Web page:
Essentialist thinking predicts decrements in children's memory for racially ambiguous faces.

Published

Journal Article

Past research shows that adults often display poor memory for racially ambiguous and racial outgroup faces, with both face types remembered worse than own-race faces. In the present study, the authors examined whether children also show this pattern of results. They also examined whether emerging essentialist thinking about race predicts children's memory for faces. Seventy-four White children (ages 4-9 years) completed a face-memory task comprising White, Black, and racially ambiguous Black-White faces. Essentialist thinking about race was also assessed (i.e., thinking of race as immutable and biologically based). White children who used essentialist thinking showed the same bias as White adults: They remembered White faces significantly better than they remembered ambiguous and Black faces. However, children who did not use essentialist thinking remembered both White and racially ambiguous faces significantly better than they remembered Black faces. This finding suggests a specific shift in racial thinking wherein the boundaries between racial groups become more discrete, highlighting the importance of how race is conceptualized in judgments of racially ambiguous individuals.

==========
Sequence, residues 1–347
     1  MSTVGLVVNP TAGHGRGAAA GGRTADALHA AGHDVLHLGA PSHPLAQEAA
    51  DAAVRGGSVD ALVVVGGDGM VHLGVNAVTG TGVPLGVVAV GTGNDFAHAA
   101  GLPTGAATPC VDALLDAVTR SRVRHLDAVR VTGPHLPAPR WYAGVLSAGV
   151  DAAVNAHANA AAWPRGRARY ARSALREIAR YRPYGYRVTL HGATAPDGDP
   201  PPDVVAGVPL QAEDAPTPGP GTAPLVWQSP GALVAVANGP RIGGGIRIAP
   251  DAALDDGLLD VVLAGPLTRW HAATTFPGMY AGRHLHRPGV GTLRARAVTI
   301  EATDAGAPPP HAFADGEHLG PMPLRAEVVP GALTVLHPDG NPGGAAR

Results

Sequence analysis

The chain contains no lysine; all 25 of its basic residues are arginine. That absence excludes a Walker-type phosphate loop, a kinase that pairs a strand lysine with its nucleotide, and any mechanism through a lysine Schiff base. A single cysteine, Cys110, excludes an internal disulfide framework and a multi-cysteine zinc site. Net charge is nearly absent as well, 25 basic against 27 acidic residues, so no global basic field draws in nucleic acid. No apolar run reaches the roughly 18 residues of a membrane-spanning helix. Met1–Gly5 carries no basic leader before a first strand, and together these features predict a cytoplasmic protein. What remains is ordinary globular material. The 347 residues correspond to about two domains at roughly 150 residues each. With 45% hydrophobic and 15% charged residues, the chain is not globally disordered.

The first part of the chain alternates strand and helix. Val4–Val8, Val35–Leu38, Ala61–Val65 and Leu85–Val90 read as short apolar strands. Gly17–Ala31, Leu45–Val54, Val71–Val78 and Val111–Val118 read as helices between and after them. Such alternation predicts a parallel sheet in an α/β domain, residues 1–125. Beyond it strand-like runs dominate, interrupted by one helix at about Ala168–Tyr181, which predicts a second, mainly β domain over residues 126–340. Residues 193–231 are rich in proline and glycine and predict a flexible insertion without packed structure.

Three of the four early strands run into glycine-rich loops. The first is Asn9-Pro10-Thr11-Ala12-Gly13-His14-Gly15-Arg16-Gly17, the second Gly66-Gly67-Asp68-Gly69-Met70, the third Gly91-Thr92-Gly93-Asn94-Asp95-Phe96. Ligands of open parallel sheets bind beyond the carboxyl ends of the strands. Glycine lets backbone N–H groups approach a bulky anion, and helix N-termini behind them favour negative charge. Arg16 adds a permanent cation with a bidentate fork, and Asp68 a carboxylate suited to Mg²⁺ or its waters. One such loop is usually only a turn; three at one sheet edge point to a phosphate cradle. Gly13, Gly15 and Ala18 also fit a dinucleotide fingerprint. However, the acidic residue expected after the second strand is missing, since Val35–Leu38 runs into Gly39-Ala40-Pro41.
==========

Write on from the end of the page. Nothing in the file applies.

Full Text

Duke Authors

Cited Authors

  • Gaither, SE; Schultz, JR; Pauker, K; Sommers, SR; Maddox, KB; Ambady, N

Published Date

  • February 2014

Published In

Volume / Issue

  • 50 / 2

Start / End Page

  • 482 - 488

PubMed ID

  • 23815702

Pubmed Central ID

  • 23815702

Electronic International Standard Serial Number (EISSN)

  • 1939-0599

International Standard Serial Number (ISSN)

  • 0012-1649

Digital Object Identifier (DOI)

  • 10.1037/a0033493

Language

  • eng